Well, hello there. Foursquare would like to remind small business owner that Yelp is not the only geo-location game in town. They’re still here. To help remind users, Foursquare has revamped its Business page to provide a step-by-step instruction guide detailing how business owners, brands, and even venues can use Foursquare to build awareness and attract customers. If you haven’t yet seem it, allow me to introduce you to the new Foursquare Business page . It will help break down everything you need to know about using Foursquare for biz and attracting customers.
The new Facebook for Business page does a good job differentiating about the two types of business owners who may use the service – Venue Owners and Brands – and offers different tips and recommendations for each.
As a Foursquare-using brand, the site will hold your hand to help you create a page, add tips, attract followers, learn about special badge criteria and offer information about how you can qualify for a Foursquare partner badge. As a venue, Foursquare will explain the different types of Foursquare Specials (Mayor, frequency, count, custom, regulars), how to discover specials, how to promote them, how to get venue stats and how to go about claiming your listing.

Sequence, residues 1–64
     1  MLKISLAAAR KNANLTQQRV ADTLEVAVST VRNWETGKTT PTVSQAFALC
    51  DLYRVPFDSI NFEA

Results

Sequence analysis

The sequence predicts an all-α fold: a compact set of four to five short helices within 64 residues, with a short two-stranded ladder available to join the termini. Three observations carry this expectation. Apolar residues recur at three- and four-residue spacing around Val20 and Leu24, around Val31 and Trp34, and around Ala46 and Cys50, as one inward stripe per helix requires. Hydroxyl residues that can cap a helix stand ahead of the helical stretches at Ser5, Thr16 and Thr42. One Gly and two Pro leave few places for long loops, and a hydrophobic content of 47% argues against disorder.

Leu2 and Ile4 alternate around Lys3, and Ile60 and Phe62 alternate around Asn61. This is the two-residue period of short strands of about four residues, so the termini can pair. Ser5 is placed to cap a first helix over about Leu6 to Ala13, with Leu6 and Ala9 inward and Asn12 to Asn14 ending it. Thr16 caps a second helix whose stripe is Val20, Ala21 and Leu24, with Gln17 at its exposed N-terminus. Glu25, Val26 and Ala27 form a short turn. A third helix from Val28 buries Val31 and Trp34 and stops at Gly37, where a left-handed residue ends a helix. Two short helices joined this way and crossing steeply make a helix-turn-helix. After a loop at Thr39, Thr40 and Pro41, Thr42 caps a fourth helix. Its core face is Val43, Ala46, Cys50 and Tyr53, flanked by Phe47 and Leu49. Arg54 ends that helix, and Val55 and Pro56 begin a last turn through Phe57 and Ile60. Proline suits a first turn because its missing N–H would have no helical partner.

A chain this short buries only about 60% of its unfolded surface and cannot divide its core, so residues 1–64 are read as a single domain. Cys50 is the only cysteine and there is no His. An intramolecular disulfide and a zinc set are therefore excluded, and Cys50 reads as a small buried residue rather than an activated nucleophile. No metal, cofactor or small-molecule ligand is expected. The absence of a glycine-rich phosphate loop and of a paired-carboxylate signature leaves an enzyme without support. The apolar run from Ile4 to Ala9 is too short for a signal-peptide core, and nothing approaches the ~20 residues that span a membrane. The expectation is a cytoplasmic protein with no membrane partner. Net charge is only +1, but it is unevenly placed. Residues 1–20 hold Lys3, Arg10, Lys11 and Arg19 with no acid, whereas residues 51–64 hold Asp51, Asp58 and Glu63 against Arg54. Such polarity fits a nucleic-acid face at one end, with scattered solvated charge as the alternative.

What I like about this new and improved page is that Foursquare really does a good job making something that could be complicated very simple and intuitive. And I think a lot of small business owners will appreciate that, especially those who have stayed away from geo-location services. There’s a lot of opportunity here to connect with users, but that doesn’t matter if SMBs aren’t sure how to use the platform. With this new guide, Foursquare does a good job here breaking down that wall and making sure they do.
It’s also worth noting that online-only retailers can also take advantage of the opportunities presented by Foursquare. You don’t need a physical location in order to get in, which is also made clearer here than previously. The guide also lets us know that we can expect a new tool to help business owners create a brand Page of their own, however, it’s not done just yet. In the meantime, anxious SMBs can build one manually by downloading this form  and following the instructions.
While it doesn’t always get the same attention that Twitter and Facebook do, as a SMB owner you want to be aware of the opportunities presented by Foursquare even if you’re not ready yet to get involved. Last year John Jantsch of Duct Take Marketing wrote a killer post on the 7 reasons why small business owners should take a look at Foursquare and there are a lot of great truths to be found there. If you haven’t read it, I’d encourage you to.